https://www.youtube.com/shorts/u5HuW9AqwpU
    -use common sense, if you lack it, there is no software to help that.

    Email: dean@jazzcnc.co.uk

    Web site: www.jazzcnc.co.uk

  5. #5
    The blue machine was a work of art, nice features and very smooth motion too. I vaguely remember someone building something in that style many years ago (I think he was German?) but can't find the reference in my files. I think you did a much better job though and well thought out.

    Any chance of a peak in the control cabinet? Not sure I saw a door so if it's an effort to remove covers etc. (or not tidy yet!) then no problem.

    My only thoughts are would the chips go into the vertical slots in the side members which contain the Z ballscrews? Would that need some brushes on it which still allow the bracket to move up and down but keep the worst out?
    Building a CNC machine to make a better one since 2010 . . .
    MK1 (1st photo), MK2, MK3, MK4

  6. #6
    Jazz, those are very nice machines, especially the blue one.

    You are right about the benefits, but I was thinking about moving gantry type machines, which are more popular and common among DIY builds. The ones you are showing are moving table type, and no doubt that moving the whole beam up and down, instead of just the spindle, would have a rigidity benefit there, as well as it can be made with more throat (Z to table) clearance also, without losing rigidity. For my moving table type of DIY machine, I also considered this type of solution, but then in the end, abandoned the idea for some reason, probably because it was my first build and was not that confident. Today I'd go for that solution, because for a moving table type of machine, it definitely is a good idea.

  7. #7
    JAZZCNC's Avatar
    Lives in wakefield, United Kingdom. Last Activity: 21 Hours Ago Forum Superstar, has done so much to help others, they deserve a medal. Has been a member for 9-10 years. Has a total post count of 8,444. Received thanks 1,447 times, giving thanks to others 108 times. Referred 1 members to the community.
    Quote Originally Posted by A_Camera View Post
    You are right about the benefits, but I was thinking about moving gantry type machines, which are more popular and common among DIY builds. The ones you are showing are moving table type, and no doubt that moving the whole beam up and down, instead of just the spindle, would have a rigidity benefit there, as well as it can be made with more throat (Z to table) clearance also, without losing rigidity.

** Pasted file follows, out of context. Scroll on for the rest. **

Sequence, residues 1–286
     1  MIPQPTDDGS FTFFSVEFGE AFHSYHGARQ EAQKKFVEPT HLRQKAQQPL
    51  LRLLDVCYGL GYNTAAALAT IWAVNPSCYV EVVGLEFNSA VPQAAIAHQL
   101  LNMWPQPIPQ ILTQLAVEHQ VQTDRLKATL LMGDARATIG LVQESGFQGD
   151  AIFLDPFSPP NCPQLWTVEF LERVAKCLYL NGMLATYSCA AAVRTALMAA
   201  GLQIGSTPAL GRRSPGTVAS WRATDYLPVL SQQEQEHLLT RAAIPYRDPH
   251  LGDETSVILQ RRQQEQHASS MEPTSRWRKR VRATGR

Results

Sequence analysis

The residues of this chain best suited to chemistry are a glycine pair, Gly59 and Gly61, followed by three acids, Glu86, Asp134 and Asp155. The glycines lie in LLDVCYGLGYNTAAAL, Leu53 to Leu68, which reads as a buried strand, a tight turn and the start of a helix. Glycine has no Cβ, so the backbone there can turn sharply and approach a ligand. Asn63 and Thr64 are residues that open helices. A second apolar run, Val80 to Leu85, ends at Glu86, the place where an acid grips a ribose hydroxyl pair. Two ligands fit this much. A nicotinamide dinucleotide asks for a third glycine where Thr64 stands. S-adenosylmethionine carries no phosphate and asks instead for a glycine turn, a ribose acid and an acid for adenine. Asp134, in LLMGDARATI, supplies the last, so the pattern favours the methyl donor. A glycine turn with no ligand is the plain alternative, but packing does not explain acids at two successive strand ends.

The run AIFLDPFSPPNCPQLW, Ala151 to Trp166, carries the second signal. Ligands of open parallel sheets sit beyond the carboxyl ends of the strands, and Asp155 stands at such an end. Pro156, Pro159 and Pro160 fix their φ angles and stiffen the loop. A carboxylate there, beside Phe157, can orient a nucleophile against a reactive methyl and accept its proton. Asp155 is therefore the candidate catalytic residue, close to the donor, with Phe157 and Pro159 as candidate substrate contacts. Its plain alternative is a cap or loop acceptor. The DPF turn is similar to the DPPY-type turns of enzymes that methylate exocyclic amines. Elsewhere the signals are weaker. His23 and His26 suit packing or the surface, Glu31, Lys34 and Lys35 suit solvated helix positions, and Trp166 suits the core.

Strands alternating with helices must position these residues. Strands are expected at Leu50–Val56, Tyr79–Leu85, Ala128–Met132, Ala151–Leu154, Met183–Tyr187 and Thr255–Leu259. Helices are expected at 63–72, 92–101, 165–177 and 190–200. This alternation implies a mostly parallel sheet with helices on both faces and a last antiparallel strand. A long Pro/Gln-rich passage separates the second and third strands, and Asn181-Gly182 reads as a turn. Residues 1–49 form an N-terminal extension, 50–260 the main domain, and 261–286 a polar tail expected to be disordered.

Yes, those machines are both fixed gantry but the same can be done with a moving gantry machine and still have all the benefits be it slightly less ridged than a fixed gantry, however, still significantly stiffer than a typical Z-axis at full extension if say had a 300mm + z-travel.
    This type of lifting gantry setup is common on very large industrial machines, although they often have a short Z-axis as well due to the size and weight of the lifting gantry.
    -use common sense, if you lack it, there is no software to help that.

    Email: dean@jazzcnc.co.uk

    Web site: www.jazzcnc.co.uk

  8. #8
    JAZZCNC's Avatar
    Lives in wakefield, United Kingdom. Last Activity: 21 Hours Ago Forum Superstar, has done so much to help others, they deserve a medal. Has been a member for 9-10 years. Has a total post count of 8,444. Received thanks 1,447 times, giving thanks to others 108 times. Referred 1 members to the community.
    Quote Originally Posted by routercnc View Post
    Any chance of a peak in the control cabinet? Not sure I saw a door so if it's an effort to remove covers etc. (or not tidy yet!) then no problem.
    The electronics are shoehorned into the back of the machine as we didn't want a separate case, it was a tight fit getting everything in there but worked out ok. This is the only picture I have.

    Click image for larger version. 

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    Quote Originally Posted by routercnc View Post
    My only thoughts are would the chips go into the vertical slots in the side members which contain the Z ballscrews? Would that need some brushes on it which still allow the bracket to move up and down but keep the worst out?
    The video doesn't show it but the screws are offset to the side and out of the way of any chips that might get inside, also the chips just drop through a cut-out in the bottom and into the pan below. I did think about fitting brushes but they are messy things that wear away and in practice, the chips that do get inside or near the screws are a fraction compared to conventional z-axis so it's no big issue really.
    -use common sense, if you lack it, there is no software to help that.

    Email: dean@jazzcnc.co.uk

    Web site: www.jazzcnc.co.uk

  9. #9
    Nicely done on the control cabinet,
    Building a CNC machine to make a better one since 2010 . . .
    MK1 (1st photo), MK2, MK3, MK4

  10. #10
    Quote Originally Posted by JAZZCNC View Post
    Why compromise when can have the best of both worlds at virtually no extra cost.?
    Well exactly Dean, making a machine like that doesn't really require much more in the way of materials or motors etc. Thanks for the info. + videos, you've confirmed my hunch about this design strategy. Your comment on slaving motors on the Z axis is interesting though, my current machine has slaved motors on the Y axis and I had no problems setting that up - is there something funny on the Z in UCCNC then??